A Walking Tour of Fort Lauderdale, Florida
by Doug Gelbert
There is no better way to see America than on foot. And there is no better way to appreciate what you are looking at than with a walking tour. Whether you are preparing for a road trip or just out to look at your own town in a new way, a downloadable walking tour is ready to explore when you are.
Each walking tour describes historical and architectural landmarks and provides pictures to help out when those pesky street addresses are missing. Every tour also includes a quick primer on identifying architectural styles seen on American streets.
Major William Lauderdale commanded a detachment that built "Fort Lauderdale" during the Seminole Wars in the 1838. By 1842 the fort was abandoned and for the next 50 years the area remained completely undeveloped. If William Lauderdale were around today he would be stunned to discover that a major American city was named for him, let alone than 10,000,000 million people each year include his namesake town on their vacation agendas.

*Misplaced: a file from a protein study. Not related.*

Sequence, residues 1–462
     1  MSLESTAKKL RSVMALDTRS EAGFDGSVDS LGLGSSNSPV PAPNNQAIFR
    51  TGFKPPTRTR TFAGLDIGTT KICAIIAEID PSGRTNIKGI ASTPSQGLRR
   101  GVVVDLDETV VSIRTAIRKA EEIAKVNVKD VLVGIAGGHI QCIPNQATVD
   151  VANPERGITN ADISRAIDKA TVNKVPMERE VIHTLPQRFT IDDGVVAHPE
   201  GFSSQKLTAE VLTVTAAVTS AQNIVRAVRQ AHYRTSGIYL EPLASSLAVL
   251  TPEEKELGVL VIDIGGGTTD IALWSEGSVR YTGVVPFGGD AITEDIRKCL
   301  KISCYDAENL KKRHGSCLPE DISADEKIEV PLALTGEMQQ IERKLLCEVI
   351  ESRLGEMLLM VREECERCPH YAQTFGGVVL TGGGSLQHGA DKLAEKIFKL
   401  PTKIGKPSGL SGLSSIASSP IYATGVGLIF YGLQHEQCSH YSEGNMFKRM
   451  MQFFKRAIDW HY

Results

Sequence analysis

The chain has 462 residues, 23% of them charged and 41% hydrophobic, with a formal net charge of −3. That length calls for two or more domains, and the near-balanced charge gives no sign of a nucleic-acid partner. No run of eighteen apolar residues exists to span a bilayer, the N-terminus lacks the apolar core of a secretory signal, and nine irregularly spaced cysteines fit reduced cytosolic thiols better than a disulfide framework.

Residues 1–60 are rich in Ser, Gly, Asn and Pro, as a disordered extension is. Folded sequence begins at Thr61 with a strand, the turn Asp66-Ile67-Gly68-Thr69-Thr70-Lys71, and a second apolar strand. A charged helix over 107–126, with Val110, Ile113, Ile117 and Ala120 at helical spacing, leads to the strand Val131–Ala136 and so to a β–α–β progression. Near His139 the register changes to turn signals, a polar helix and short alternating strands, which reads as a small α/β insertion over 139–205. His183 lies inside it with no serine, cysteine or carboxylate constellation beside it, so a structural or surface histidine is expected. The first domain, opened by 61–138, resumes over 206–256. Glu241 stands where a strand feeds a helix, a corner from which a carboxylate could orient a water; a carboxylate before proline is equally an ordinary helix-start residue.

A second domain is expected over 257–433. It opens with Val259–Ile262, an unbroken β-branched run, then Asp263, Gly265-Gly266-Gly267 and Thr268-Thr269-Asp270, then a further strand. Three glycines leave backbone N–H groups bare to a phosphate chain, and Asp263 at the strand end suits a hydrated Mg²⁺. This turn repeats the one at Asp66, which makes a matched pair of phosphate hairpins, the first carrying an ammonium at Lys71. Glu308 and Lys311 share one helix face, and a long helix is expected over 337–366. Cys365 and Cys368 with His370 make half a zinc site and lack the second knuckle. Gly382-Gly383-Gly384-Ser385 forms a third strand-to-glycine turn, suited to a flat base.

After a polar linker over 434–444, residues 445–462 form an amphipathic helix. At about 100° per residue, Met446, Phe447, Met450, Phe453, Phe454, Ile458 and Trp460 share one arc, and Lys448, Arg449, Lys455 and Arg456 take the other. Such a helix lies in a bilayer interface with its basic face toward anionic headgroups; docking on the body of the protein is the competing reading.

Downtown Fort Lauderdale has a similar gaping hole in its heritage. The very first building constructed in town, at the landing of Frank Stranahan's ferry in 1893, still stands and several buildings associated with the town's pioneers are extant. But there are hardly any other buildings constructed before the 1970s to be seen.
With over 100 miles of natural and artificial waterways, Fort Lauderdale likes to fancy itself the "Venice of America" so the natural place to launch our walking tour will be down by the water...
- Doug Gelbert, July 2011
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